Open Access

Inflammatory myofibroblastic tumor of the endometrium mimicking a prolapsed fibroid

  • Mitchell B. Berger1Email author,
  • Susan D. Ernst1 and
  • Richard W. Lieberman1, 2
Gynecological SurgeryEndoscopic Imaging and Allied Techniques20118:443

https://doi.org/10.1007/s10397-011-0686-4

Received: 5 May 2011

Accepted: 31 May 2011

Published: 7 June 2011

Keywords

Inflammatory myofibroblastic tumorALK1Prolapsed fibroid

Introduction

Inflammatory myofibroblastic tumors (IMTs) are rare neoplasms that were originally described in the lung, but have subsequently been reported in a variety of anatomic locations [1]. They were traditionally considered benign lesions, but are now classified as tumors of intermediate biological potential given a high likelihood of local recurrence and low incidence of metastasis [2]. While smooth muscle tumors (leiomyomata) are common in the uterus, IMTs are exceptionally rare, reported only in isolated case reports or case series [2, 3]. We report a case of this unusual tumor arising from the endometrium but presenting like a prolapsed fibroid.

Case presentation

A 30-year-old gravida 4, para 3, Ab 1 presented to the emergency department with complaints of a 3-week history of heavy vaginal bleeding. The bleeding started as light, continuous spotting for several days and then progressed to the point of requiring five to six pads per day. She had no other significant past medical or surgical history. Prior to this episode, she had regular menstrual cycles without abnormality. She denied a history of sexually transmitted infections or abnormal pap smears with a negative pap smear performed 6 months prior to the onset of this abnormal bleeding episode.

On pelvic examination, she was noted to have a 3–4-cm mass protruding through the cervical os. The mass was round and smooth with multiple lobules and appeared white with a few small blood vessels coursing over the surface. It was firm, rubbery, and freely mobile growing off an approximately 5-mm-diameter stalk. The history and examination were felt to be consistent with a prolapsing fibroid, so the patient was counseled to undergo hysteroscopy and myomectomy.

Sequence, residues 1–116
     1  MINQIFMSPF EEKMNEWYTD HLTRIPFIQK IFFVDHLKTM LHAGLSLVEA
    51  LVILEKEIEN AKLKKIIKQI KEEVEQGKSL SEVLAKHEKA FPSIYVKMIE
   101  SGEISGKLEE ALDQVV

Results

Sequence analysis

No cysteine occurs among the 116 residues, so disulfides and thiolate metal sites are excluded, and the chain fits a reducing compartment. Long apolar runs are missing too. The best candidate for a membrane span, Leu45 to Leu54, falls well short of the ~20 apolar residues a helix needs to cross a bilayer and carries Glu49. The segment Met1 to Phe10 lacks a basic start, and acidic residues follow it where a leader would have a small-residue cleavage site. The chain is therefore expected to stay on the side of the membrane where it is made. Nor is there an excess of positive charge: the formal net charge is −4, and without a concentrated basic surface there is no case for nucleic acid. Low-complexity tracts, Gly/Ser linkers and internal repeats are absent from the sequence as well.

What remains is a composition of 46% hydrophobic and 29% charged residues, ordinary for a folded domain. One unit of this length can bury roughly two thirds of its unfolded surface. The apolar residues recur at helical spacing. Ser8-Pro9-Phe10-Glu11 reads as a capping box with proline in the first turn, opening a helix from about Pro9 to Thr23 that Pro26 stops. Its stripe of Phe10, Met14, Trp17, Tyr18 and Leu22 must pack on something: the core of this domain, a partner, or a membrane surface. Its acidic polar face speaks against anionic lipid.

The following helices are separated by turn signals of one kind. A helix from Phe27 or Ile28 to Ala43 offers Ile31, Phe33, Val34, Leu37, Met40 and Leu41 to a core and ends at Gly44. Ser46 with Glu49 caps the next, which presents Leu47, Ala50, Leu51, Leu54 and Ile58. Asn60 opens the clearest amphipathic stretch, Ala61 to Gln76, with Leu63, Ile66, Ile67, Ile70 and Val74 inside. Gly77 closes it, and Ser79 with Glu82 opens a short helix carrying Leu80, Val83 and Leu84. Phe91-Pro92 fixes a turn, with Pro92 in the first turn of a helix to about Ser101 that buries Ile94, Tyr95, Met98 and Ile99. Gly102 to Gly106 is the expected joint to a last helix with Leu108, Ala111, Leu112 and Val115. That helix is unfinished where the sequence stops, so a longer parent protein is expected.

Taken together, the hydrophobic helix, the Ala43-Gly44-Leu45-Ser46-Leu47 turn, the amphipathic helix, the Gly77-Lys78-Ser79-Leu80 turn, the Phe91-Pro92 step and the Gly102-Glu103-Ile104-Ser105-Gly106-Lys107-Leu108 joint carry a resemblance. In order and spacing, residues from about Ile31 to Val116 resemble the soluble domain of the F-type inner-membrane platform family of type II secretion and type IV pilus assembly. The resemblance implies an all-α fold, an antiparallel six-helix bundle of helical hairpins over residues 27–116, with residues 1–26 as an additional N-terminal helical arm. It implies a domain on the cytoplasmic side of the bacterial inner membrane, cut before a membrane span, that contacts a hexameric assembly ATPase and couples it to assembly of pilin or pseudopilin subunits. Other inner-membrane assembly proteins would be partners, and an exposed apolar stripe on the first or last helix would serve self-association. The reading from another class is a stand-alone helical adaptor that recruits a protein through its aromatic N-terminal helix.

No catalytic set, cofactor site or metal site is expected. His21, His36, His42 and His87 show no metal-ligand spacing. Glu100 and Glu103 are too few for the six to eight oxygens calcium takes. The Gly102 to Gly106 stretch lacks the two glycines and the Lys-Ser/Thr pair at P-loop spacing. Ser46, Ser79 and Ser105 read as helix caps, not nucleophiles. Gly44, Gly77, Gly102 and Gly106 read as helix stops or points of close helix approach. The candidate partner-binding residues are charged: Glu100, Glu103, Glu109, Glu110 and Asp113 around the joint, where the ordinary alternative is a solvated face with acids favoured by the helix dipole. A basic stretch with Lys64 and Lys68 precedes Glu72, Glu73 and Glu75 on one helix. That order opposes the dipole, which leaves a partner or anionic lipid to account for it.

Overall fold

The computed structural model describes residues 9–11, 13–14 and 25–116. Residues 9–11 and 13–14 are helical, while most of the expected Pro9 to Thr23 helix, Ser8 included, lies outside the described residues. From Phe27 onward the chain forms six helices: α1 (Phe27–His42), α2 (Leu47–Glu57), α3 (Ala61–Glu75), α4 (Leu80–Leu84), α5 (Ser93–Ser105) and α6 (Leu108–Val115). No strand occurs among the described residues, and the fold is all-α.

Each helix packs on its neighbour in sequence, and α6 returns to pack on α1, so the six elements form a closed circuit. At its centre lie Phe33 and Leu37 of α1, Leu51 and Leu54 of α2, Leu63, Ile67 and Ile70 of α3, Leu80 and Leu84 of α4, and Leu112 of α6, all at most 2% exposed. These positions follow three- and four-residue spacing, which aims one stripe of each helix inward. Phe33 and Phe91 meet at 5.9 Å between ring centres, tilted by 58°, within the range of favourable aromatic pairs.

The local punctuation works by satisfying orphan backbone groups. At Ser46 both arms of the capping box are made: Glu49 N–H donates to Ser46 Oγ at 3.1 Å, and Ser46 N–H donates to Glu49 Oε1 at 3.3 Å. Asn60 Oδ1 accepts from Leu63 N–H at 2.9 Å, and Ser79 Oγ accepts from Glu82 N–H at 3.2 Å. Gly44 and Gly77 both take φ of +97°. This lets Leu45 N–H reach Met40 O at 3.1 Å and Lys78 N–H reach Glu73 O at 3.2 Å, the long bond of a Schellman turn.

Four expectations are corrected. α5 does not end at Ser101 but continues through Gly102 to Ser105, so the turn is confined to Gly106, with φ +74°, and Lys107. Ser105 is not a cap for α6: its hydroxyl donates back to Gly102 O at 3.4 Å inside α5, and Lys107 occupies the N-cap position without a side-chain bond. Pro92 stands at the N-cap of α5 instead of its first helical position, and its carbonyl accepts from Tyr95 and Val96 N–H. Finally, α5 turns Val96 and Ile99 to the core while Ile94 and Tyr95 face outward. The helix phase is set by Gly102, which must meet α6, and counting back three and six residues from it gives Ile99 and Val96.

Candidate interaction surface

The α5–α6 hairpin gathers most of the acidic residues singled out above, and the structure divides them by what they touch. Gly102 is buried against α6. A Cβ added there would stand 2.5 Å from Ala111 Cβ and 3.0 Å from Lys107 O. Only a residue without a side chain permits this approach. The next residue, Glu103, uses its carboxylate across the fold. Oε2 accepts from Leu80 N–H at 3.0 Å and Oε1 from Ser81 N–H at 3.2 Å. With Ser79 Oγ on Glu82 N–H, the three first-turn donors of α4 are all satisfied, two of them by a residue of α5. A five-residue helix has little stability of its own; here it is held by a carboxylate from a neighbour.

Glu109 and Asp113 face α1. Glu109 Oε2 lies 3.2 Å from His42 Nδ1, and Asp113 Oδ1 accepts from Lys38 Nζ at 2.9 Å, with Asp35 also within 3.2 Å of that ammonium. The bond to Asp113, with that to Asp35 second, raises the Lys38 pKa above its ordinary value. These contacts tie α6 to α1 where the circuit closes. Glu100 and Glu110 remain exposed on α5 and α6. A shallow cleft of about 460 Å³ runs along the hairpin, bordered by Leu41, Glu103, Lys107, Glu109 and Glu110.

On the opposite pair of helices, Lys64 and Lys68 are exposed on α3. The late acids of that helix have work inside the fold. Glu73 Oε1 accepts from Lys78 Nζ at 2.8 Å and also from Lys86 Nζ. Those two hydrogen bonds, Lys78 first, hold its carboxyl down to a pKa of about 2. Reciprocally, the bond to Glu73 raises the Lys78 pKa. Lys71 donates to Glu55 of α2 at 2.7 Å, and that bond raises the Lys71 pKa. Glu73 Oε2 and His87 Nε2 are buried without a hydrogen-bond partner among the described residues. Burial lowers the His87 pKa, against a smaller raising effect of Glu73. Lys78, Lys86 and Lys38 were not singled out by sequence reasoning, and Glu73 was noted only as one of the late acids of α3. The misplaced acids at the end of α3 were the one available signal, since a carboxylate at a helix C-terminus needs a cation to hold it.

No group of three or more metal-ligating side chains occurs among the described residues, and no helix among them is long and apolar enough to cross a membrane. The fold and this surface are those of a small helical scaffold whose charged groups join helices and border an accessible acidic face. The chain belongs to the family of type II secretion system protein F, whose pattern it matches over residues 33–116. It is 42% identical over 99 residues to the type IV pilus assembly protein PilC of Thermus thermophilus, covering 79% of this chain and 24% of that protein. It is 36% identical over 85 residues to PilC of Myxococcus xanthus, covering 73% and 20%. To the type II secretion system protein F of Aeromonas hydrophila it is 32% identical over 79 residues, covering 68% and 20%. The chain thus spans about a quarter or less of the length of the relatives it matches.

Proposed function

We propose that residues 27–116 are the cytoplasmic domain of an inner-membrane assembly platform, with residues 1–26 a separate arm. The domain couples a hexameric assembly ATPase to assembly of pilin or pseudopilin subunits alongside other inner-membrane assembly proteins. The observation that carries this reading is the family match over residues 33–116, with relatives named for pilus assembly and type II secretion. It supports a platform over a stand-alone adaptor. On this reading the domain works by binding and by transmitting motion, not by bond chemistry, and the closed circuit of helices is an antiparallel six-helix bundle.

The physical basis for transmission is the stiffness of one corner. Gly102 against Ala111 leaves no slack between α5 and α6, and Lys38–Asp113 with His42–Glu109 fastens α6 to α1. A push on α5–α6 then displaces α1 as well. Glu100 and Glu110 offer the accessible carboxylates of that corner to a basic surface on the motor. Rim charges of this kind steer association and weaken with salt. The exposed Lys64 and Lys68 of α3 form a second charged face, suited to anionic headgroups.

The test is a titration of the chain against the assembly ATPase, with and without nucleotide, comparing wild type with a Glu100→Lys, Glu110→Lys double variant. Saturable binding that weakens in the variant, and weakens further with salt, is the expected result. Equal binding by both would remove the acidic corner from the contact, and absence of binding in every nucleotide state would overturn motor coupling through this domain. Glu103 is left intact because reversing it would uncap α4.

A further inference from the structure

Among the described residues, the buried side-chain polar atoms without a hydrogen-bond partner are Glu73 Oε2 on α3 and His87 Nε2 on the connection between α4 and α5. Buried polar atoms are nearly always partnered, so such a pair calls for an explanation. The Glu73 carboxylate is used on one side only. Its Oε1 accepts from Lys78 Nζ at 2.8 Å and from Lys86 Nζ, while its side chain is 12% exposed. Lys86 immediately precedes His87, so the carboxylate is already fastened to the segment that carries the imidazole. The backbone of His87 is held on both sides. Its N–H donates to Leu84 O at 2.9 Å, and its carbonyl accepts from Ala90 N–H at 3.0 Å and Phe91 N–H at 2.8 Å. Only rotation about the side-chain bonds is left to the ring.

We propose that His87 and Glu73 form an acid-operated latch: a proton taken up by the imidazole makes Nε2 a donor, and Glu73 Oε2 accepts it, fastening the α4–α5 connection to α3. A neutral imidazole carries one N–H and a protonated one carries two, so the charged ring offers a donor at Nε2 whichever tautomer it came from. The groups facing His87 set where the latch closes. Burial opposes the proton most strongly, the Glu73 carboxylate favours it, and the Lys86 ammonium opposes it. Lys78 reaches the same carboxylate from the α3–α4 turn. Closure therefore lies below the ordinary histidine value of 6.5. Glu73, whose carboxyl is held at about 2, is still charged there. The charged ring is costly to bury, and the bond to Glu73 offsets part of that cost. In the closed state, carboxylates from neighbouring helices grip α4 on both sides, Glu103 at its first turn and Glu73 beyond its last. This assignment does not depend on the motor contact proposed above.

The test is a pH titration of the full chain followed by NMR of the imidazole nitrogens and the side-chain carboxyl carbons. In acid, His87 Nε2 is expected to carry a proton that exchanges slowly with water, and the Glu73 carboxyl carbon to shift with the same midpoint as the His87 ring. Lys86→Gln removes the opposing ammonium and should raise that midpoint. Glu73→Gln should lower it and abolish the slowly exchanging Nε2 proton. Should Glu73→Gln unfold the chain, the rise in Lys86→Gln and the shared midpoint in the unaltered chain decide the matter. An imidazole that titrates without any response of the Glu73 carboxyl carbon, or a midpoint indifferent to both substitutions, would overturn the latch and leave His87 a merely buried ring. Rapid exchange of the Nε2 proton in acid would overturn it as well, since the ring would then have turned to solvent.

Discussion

The lesion was easily resected by placing it on traction, suture ligating the stalk, then transecting the stalk at its base with electrocautery. The mass weighed 9.5 g, measured 3.5 × 3.1 × 2.8 cm, and was found to be an inflammatory myofibroblastic tumor, with mesenchymal cells positive for desmin, alpha smooth muscle, and ALK 1 (Fig. 1).
Fig. 1

Photomicrograph demonstrating histologic appearance of the inflammatory myofibroblastic tumor. The appearance is of a spindle cell mesenchymal lesion (a; hematoxylin and eosin staining), with cells positive for ALK 1 (b), desmin (c), and alpha smooth muscle (d) staining

Discussion

There have been a variety of pathologic lesions described using the term “inflammatory pseudotumor,” including inflammatory myofibroblastic tumor, pseudosarcomatous myofibroblastic proliferations as well as malignant lesions [1]. However, it has recently been shown that IMT is a unique class of neoplasm. These masses are now known to originate as a clonal population from a progenitor myofibroblast, have potential for local recurrence, invade locally or vascularly, and have potential for malignant transformation [2, 4, 5].